TwitPic is not the only service to include these clauses, but they are the first to openly say they will be selling your images regularly to a particular news outlet. I guess
Google isn't the ones to fear, Facebook.
It is official - just a few hours ago Sony finally relaunched the PlayStation Network. The relaunch was accompanied by a firmware update for the PS3 as well as a mandatory password change. Of course, not all functions are back online yet and it is not available to the entire country. If you are interested in finding out what states are back up and working, hit the source link.
This restoration comes after weeks of outages because of an attack on Sony's PSN infrastructure. Much of the personal data was accessed, possibly including credit card data. Sony has assured their customers that even if the billing data was compromised, it is all encrypted. Of course, if someone is capable of breaking through Sony's defenses, they are probably capable of decrypting a little billing data.
The attack was initially blamed on AnonOps, the group behind many of the DDoS attacks we have talked about in the past, who even threatened Sony over the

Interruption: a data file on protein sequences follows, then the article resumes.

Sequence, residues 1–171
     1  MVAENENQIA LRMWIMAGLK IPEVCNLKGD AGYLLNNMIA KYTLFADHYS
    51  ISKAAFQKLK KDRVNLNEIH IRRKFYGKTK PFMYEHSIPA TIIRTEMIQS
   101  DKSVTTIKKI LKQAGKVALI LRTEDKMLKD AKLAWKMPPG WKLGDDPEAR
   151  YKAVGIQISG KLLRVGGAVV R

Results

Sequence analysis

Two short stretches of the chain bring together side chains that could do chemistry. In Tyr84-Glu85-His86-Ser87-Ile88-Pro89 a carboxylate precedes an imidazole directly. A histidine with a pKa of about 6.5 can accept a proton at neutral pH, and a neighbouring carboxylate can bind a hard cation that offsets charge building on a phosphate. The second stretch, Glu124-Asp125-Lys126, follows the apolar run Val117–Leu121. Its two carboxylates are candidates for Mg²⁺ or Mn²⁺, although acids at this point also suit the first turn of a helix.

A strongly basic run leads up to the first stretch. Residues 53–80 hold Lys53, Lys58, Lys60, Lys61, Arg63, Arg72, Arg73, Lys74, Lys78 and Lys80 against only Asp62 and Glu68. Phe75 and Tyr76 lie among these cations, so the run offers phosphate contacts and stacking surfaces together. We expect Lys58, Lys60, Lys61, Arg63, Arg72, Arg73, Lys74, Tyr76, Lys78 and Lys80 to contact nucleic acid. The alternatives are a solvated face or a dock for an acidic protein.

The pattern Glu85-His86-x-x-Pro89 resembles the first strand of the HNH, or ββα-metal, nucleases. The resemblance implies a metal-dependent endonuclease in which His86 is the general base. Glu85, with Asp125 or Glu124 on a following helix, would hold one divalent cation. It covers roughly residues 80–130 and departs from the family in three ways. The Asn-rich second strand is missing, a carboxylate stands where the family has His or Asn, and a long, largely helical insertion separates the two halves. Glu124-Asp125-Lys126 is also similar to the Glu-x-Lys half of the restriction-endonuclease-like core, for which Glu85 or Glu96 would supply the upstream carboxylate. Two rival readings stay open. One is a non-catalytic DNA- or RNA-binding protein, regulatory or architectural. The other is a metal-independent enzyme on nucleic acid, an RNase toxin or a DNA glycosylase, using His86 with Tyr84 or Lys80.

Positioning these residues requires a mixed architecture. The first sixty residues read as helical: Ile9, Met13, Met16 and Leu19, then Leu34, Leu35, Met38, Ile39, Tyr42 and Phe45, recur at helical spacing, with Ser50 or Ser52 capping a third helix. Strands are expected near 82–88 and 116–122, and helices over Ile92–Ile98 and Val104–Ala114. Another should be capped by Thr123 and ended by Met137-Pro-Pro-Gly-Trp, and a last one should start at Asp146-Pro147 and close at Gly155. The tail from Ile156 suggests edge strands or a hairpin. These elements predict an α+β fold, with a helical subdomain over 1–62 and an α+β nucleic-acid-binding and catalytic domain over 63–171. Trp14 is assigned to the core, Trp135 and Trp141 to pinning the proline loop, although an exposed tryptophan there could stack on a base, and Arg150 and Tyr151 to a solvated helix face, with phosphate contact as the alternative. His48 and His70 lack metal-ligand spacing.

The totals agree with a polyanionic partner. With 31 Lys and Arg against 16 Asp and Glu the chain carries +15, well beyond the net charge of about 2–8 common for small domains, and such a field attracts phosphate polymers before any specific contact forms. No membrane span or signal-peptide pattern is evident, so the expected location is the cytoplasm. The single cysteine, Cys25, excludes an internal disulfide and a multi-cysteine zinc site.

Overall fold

treatment of GeoHot. They have, however, said they were not involved and this is an organization that claims every attack they are involved in proudly.
To find out about Sony's resolutions, hit the break.
The worst kept secret in the media world has finally been launched officially - Google Music. Similar to Amazon's new music locker service, or MP3 Tunes or any number of similar services, Google Music gives you the ability to store your music on a remote drive and listen to it through the web, a desktop client (one would assume) or an Android app. No longer do you need to sync your music between your computers and phone - it is always available to you wherever you have Internet access.
This seems like a great idea until you are driving down Alligator Alley and you have little or no Internet service plus no radio stations. That small problem aside, it is a nice concept. I have personally been using MP3 Tunes for a year or so now on my personal phone and it really does make it more convenient than having to keep my phone synced with the latest music I have collected.
For the good and the bad, hit the break.
The rivalry between Facebook and Google has been intense for those of us on the inside. Google sees Facebook as
a major threat and has decided to make social networking a priority. The feud came into the public this week when Facebook made a pretty stupid mistake. They hired PR-firm Burson-Marsteller to start a smear campaign against Google.
Let's start the story at the end: two representatives from the firm wrote to a blogger and offered to help him write an op-ed article about how Google's new Social Circle product was invading people's privacy. He refused and, instead of blowing off the ridiculous request, posted the communications between himself and the firm on his website. This caught the attention of USA Today, who had also been contacted about writing about the "privacy issue". They then accused Burson of what they caled a "whisper campaign" against the search giant.
To find out the full tie to Facebook, hit the break.